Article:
Critics were skeptical when Prime Minister Brian Mulroney announced last September that the government planned to wage war on what he called Canada’s “drug epidemic.” That declaration was made almost simultaneously with President Ronald
Reagan’s announcement of an antidrug campaign in the United States, and some of Mulroney’s opponents charged that he was exaggerating the problem to make political points. The drug crisis quickly disappeared from the government’s visible agenda. But planning continued behind the scenes, and last week the cabinet resurrected the campaign.
Declared Health and Welfare Minister Jake Epp as he announced a $210-million five-year antidrug program:
“There is a drug crisis in Canada.” Then, in a carefully orchestrated campaign, a total of six cabinet ministers announced details of the so-called national drug strategy.
Health administrators and law enforcement officers generally welcomed the program, which will combine generous funding for rehabilitation and public awareness with tougher legislation for controlling the entry and trafficking of illegal drugs.
Still, some opposition MPs accused Epp of grandstanding in advance of attending a United Nations conference on drug abuse in Vienna later this month.
Unveiling the strategy at a Toronto press conference, Epp said that it emerged from discussions with more than 200 government departments, law enforcement agencies, community organizations and special interest groups. He said that they indicated an escalating problem with the use of addictive substances—including alcohol, over-the-counter and prescription drugs, and illegal drugs and solvents. Epp added that drug and alcohol abuse accounts for more than a million days of institutional care a year.
The plan’s allocation of funds includes $80.8 million for drug and alcohol treatment and rehabilitation, and $66.9 million for public education, which will include a multimedia advertising campaign scheduled to begin on
June 11. As well, Epp said that the 1953 Food and Drugs Act and the 1970 Narcotic Control Act will be replaced by a more comprehensive act that will enable law enforcement officers to deal quickly with new drugs coming onto the market.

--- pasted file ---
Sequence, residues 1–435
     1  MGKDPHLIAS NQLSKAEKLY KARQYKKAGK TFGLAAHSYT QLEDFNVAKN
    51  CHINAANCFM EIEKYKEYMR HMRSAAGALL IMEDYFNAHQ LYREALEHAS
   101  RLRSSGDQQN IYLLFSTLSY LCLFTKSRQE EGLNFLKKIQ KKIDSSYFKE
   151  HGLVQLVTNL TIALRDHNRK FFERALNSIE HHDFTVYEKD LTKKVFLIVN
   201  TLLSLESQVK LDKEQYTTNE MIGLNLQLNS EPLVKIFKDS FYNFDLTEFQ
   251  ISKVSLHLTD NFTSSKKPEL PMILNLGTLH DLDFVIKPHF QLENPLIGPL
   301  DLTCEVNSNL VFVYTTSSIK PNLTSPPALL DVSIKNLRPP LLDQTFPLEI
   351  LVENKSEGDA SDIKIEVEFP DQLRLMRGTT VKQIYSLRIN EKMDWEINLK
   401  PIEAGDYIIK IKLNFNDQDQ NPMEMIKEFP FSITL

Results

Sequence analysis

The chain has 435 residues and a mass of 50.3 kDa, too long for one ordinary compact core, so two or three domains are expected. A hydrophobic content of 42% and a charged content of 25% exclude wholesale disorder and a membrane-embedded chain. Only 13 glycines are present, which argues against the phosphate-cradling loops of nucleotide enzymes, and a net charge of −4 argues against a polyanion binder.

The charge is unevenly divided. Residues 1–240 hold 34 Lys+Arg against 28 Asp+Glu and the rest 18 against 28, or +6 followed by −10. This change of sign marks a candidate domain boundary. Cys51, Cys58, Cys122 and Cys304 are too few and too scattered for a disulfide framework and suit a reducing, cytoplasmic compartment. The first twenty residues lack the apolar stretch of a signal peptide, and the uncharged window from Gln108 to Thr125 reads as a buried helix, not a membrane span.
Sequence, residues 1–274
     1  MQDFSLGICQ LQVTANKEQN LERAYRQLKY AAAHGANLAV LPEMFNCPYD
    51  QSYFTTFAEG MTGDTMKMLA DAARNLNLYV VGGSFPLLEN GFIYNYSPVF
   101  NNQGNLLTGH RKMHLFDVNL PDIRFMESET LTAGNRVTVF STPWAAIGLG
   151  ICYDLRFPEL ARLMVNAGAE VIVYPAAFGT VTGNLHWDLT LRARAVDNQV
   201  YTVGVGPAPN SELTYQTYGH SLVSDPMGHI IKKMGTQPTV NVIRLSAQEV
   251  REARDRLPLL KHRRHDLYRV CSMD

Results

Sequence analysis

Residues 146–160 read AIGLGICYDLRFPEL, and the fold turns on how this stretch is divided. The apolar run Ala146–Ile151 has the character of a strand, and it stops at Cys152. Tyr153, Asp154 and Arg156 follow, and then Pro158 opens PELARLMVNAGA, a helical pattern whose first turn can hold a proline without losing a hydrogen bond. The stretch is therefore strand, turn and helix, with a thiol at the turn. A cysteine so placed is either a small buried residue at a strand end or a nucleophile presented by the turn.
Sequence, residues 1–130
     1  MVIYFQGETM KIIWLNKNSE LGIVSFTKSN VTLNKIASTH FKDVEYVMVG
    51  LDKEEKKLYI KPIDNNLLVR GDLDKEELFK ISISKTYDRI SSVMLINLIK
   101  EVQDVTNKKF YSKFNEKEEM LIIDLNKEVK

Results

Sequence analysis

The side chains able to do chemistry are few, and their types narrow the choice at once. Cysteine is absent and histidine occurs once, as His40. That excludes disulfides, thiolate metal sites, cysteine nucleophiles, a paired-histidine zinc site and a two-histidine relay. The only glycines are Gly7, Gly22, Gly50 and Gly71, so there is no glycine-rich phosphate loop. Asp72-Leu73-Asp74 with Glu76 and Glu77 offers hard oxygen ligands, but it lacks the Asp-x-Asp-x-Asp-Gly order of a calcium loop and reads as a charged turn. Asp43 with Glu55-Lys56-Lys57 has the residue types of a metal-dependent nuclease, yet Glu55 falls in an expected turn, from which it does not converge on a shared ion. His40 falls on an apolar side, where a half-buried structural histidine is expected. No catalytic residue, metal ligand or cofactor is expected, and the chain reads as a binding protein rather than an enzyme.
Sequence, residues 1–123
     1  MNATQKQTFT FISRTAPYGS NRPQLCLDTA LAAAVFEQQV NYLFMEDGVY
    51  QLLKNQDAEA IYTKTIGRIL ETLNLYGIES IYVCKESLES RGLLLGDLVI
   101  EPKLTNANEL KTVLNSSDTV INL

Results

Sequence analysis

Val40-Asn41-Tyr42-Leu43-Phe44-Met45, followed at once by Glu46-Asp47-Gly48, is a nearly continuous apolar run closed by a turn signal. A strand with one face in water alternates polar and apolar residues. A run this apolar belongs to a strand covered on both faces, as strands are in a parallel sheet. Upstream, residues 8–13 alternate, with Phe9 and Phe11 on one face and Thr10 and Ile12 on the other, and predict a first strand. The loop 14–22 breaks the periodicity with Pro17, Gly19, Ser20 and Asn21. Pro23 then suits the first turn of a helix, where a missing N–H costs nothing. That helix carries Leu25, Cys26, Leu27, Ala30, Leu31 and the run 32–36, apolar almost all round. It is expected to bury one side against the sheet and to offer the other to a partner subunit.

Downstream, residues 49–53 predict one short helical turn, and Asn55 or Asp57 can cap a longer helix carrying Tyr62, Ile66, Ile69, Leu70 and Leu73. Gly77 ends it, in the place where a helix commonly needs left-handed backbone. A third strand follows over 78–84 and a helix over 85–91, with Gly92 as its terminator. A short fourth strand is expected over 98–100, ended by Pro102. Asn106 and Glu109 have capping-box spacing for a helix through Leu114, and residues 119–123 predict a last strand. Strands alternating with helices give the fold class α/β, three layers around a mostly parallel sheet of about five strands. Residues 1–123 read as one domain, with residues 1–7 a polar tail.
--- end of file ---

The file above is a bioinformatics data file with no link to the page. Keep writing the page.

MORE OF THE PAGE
Among separate announcements following Epp’s initial statement, Solicitor General James Kelleher and Minister of National Revenue Elmer MacKay said that drug squads attached to the RCMP and Canada Customs will get more personnel and equipment. And Justice Minister Ramon Hnatyshyn announced that the Criminal Code will be amended to empower police to trace and seize the profits of drug dealers.
That was good news to RCMP Chief Supt. Rodney Stamler, the Ottawabased director of drug enforcement, who said that the trafficking of highprofit drugs such as cocaine has mush-
roomed alarmingly. “In major centres we are making up to 50kg seizures,” Stamler declared. “This was unheard of two years ago.”
Still, pharmacy professor Joan Marshman, president of the provincially funded, Toronto-based Addiction Research Foundation, said that alcohol abuse is the No. 1 drug problem in Canada. She added that she endorsed the new strategy because “it came out with the right directions—the inclusion of alcohol and the inclusion of treatment.”
The overall plan was developed by a special co-ordinating unit, the Interdepartmental Secretariat on Drug Abuse, which was organized on the initiative of Health and Welfare officials last November in response to growing awareness of a need for government action. The secretariat, with a staff drawn from various government departments, is operating on a temporary basis, but executive director Barbara Darling said that the life expectancy of the policyforming unit is “open-ended,” and that it will be “in place until the job is done.”
Meanwhile, officials at Health and Welfare said that they plan to set up a federal task force which, according to a news release issued last week,
will “consider the creation of a national focus to ensure that expertise in the drug-abuse field is shared for the benefit of all Canadians.” But the announcement does not set out procedures to make clear how that would be done. Said Darling: “Let’s call it a mechanism, but not necessarily bricks and mortar.”
For his part, Epp said that it will take time to see the effects of the drug strategy, but that the government is committed to seeking longterm results.
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